When I was in high school and working 15 to 20 hours a week, my mom gave me free rein to use the money I earned as I would like. Actually, she said nothing to me about saving for college or putting some money into savings.
When I had friends who complained that they had to put away some of their earnings, I commiserated with them. How unfair of their parents to make them save some of their money! They worked hard for their money, often at crappy part-time jobs. They deserved to spend the money any way they saw fit.
The way I saw it, why save for college? According to financial aid rules, if the student has any savings, she would have to use the majority of it to pay for college. How unfair. To add insult to injury, if prospective college students have some savings, they would qualify for less financial aid, which often meant fewer student loans.
Yes, it was better to spend my hard earned money than save it and be penalized.
No one told me differently. In fact, many people in my family agreed with me and encouraged me to buy a used car to get to and from my job. Of course, I paid the loan payments for the car, the gas I used and my insurance out of money from my job. That was a responsible use of money, but I also went out to eat with friends, a lot. At 16, I was going out to eat with my friends twice a week at least.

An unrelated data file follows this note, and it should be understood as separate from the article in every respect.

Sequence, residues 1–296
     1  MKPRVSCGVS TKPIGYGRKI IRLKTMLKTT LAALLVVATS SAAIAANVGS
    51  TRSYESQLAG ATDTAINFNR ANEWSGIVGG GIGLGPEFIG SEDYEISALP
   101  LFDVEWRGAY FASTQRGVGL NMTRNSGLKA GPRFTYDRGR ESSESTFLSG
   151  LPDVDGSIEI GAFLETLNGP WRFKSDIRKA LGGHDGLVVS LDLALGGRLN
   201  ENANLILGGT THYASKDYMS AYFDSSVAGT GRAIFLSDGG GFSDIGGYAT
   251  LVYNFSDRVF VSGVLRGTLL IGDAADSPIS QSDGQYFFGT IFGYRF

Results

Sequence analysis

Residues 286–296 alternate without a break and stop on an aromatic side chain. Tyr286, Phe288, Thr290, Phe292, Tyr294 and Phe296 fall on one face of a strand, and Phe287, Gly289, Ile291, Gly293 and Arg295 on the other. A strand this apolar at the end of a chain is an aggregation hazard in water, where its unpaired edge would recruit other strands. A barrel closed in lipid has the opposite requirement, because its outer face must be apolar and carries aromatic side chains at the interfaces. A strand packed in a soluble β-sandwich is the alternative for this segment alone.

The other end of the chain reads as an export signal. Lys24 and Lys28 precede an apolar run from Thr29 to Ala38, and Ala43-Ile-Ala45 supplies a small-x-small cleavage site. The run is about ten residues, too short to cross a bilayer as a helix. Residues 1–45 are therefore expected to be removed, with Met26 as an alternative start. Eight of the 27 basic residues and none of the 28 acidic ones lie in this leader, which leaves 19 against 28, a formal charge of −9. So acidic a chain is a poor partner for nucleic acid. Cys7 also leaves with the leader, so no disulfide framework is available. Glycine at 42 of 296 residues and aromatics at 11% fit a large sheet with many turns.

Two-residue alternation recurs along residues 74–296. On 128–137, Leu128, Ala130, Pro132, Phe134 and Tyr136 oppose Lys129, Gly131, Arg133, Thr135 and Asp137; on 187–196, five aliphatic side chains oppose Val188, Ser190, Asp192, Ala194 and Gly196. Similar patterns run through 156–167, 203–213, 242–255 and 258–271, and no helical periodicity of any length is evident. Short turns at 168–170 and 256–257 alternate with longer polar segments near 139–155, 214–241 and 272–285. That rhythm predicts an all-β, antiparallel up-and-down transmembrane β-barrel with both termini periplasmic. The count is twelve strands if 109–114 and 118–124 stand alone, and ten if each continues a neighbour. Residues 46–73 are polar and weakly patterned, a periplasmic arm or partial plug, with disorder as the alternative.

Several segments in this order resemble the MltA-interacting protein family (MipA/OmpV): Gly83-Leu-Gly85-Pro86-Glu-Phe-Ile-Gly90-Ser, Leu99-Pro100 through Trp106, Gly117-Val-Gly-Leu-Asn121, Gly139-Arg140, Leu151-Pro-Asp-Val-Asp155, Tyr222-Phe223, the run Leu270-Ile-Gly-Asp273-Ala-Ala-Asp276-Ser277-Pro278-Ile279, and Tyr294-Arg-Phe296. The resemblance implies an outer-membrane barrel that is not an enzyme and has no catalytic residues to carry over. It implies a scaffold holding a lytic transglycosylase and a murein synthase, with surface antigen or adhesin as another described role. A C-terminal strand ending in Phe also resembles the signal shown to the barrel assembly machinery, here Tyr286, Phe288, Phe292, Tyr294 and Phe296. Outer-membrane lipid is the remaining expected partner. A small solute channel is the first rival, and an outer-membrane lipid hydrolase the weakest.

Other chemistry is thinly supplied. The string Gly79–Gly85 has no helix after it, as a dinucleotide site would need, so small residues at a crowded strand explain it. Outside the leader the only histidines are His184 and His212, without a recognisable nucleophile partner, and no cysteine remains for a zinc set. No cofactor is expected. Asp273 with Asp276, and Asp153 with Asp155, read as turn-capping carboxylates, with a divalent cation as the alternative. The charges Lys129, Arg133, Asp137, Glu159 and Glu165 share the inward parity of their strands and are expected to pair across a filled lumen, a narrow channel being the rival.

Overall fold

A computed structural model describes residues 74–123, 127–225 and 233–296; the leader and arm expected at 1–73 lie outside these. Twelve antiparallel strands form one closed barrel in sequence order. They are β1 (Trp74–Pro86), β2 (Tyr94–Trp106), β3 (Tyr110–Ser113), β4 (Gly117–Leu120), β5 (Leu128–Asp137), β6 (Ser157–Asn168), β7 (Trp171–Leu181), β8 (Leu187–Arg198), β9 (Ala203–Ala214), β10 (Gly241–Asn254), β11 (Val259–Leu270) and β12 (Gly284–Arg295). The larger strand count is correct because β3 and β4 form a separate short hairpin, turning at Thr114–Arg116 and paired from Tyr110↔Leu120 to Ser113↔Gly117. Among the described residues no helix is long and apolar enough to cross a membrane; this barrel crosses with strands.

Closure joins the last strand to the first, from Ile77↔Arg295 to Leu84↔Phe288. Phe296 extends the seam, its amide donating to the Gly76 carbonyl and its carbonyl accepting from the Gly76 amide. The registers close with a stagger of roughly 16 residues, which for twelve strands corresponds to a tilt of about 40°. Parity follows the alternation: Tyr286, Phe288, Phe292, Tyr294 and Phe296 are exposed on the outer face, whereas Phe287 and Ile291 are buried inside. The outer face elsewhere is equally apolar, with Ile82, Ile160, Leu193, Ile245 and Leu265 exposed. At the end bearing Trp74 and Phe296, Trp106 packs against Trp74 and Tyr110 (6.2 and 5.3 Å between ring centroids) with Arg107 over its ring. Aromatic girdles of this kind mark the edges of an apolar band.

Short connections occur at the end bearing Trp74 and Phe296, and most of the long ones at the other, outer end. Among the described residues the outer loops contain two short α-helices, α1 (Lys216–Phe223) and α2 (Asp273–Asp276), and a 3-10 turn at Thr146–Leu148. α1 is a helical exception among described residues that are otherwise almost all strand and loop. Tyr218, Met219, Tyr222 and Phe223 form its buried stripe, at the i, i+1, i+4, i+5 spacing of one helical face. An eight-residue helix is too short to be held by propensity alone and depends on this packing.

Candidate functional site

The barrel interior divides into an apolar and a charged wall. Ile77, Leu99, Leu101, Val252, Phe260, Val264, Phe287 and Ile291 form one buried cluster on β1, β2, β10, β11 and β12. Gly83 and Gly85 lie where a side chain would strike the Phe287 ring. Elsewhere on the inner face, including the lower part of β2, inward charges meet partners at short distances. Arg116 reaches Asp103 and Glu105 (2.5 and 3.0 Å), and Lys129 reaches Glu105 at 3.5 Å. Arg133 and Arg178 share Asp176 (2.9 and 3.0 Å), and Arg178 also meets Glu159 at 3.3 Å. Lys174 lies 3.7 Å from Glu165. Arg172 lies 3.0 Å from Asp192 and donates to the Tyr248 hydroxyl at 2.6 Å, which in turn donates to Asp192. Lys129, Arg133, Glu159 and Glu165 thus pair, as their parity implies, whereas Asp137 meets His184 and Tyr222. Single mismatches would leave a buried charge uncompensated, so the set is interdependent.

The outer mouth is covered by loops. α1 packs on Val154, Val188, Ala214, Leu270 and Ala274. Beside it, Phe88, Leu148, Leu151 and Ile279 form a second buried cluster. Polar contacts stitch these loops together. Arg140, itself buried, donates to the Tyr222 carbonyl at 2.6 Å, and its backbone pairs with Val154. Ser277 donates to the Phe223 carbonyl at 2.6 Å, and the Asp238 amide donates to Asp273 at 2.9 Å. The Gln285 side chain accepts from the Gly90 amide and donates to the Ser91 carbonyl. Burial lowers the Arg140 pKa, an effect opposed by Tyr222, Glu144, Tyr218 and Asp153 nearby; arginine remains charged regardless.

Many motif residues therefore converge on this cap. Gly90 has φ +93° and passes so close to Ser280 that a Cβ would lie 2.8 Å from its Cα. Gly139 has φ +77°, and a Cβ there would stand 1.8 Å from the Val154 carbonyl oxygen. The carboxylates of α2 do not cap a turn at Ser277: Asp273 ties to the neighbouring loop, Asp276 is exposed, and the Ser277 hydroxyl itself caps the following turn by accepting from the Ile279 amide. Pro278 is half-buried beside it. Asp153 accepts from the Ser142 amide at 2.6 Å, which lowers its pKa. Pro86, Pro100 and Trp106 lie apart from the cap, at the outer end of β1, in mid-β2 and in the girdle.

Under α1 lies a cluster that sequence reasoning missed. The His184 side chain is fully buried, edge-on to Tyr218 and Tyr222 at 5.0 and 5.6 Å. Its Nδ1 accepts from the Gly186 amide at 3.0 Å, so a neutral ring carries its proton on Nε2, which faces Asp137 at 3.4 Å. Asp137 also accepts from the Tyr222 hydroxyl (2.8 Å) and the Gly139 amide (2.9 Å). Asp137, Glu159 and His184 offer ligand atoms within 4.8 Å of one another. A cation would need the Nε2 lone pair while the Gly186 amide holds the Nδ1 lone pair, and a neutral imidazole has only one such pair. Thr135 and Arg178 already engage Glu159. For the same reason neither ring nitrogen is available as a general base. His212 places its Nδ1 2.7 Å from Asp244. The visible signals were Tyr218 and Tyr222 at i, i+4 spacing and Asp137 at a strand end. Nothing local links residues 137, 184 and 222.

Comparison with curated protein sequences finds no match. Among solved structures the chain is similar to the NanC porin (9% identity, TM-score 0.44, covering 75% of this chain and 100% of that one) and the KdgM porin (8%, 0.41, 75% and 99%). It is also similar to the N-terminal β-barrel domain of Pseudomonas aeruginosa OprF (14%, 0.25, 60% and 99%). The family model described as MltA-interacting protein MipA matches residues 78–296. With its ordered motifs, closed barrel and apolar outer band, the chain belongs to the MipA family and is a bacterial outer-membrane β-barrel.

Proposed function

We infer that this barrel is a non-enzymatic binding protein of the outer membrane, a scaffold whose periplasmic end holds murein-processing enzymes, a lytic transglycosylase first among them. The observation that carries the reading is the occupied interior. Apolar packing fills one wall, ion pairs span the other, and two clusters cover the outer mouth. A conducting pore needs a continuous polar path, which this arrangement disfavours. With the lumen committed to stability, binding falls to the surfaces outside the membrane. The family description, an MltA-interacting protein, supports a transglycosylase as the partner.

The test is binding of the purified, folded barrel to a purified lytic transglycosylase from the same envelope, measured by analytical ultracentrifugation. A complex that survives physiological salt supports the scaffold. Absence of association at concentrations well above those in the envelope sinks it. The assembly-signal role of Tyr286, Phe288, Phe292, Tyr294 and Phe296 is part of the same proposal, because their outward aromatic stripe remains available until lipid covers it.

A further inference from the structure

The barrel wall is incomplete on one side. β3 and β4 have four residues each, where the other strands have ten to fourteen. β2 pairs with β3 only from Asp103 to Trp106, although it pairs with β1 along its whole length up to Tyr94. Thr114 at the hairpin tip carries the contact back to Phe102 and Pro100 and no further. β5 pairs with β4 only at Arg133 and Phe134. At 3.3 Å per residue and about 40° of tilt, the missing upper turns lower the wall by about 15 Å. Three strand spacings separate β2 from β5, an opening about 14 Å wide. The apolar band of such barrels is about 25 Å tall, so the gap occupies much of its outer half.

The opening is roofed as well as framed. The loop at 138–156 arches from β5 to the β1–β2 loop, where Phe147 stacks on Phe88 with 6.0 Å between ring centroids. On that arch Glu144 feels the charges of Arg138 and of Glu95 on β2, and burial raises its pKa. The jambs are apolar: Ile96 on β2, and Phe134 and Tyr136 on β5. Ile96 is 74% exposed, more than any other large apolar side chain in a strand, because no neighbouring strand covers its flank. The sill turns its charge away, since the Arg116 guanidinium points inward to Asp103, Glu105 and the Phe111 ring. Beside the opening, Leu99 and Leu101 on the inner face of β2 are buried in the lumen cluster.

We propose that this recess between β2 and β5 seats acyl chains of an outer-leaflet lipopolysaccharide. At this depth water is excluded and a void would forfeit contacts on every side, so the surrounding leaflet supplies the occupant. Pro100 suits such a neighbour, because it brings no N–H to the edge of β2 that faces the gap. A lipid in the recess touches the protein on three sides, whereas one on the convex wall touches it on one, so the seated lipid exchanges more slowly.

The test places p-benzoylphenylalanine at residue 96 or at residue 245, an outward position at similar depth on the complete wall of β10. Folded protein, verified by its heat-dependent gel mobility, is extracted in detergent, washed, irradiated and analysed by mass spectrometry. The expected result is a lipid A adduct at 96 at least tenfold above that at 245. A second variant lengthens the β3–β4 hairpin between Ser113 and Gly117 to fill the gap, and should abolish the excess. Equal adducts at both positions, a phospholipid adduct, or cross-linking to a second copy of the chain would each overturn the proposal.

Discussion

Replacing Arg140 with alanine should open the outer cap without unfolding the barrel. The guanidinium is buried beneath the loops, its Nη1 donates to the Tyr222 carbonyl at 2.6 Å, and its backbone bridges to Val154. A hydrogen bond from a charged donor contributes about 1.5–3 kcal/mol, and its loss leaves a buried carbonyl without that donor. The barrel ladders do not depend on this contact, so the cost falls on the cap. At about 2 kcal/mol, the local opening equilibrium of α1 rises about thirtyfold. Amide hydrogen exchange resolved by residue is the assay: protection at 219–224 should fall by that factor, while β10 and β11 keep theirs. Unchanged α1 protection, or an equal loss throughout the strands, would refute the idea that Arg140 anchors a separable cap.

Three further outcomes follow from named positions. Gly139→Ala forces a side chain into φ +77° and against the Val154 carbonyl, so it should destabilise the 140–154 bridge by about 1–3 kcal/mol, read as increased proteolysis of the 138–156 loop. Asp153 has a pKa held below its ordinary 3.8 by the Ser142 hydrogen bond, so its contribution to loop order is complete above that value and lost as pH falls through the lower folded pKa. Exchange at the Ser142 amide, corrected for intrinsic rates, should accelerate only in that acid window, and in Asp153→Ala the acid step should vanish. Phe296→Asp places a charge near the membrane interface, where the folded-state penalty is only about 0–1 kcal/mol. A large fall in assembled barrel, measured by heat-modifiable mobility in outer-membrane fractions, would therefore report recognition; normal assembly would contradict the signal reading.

However, my plan worked perfectly. When I went to college, I didn’t have to use any of my hard earned cash. No, not me, because I hadn’t saved anything. Instead, I left college with nearly $20,000 in student loan debt. I took two years off and paid down as much student loan debt as I could, getting it down to about $8,000, but then I went to graduate school and took on more student loan debt. I graduated with nearly $25,000 in debt total. I am still paying on it today, 13 years later.
Now that I am the parent, I am one of those “awful” parents who makes her kids save. My son knows when he gets his allowance, some goes to save, some goes to donate, and some goes to spend. True, it makes me cringe when he uses his spend money on little trinkets like temporary tattoos, stickers, and gum, but I keep silent. He did the work to earn the money, and he can spend it as he likes. However, I am inflexible with saving; that money must be set aside. When he goes to college, I expect that he will have to use the majority of that money. Rather than seeing it as a waste, I see it as an important component of his financial education. Spending his money to pay a portion of his college education will hopefully make him take college more seriously.
Meanwhile, I have already begun having chats with him about money, spending, and budgeting. He watches his dad and I work hard to pay down our debt with gazelle intensity. He sees me use a calculator at the grocery store to see how much our groceries will be.
Ultimately, he will make his own financial decisions as he grows up, but I plan to teach him throughout these important years so that even if he turns into a spendthrift, he will have a firm financial understanding to revert to as he ages. While my mom taught me how to stretch money further, she never taught me how to save; I hope saving is a lesson my son takes with him throughout his adulthood.
How do you teach your kids about money management?
Melissa writes at Fiscal Phoenix where she encourages people to rise from the ashes of their financial mistakes as she and her husband are doing.